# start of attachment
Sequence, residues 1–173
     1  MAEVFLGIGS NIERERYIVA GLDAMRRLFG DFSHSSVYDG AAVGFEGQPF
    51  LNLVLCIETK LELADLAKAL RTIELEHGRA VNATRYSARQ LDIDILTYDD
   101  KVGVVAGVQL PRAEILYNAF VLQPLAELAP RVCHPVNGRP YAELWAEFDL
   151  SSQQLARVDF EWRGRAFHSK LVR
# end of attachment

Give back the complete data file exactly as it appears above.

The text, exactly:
Sequence, residues 1–173
     1  MAEVFLGIGS NIERERYIVA GLDAMRRLFG DFSHSSVYDG AAVGFEGQPF
    51  LNLVLCIETK LELADLAKAL RTIELEHGRA VNATRYSARQ LDIDILTYDD
   101  KVGVVAGVQL PRAEILYNAF VLQPLAELAP RVCHPVNGRP YAELWAEFDL
   151  SSQQLARVDF EWRGRAFHSK LVR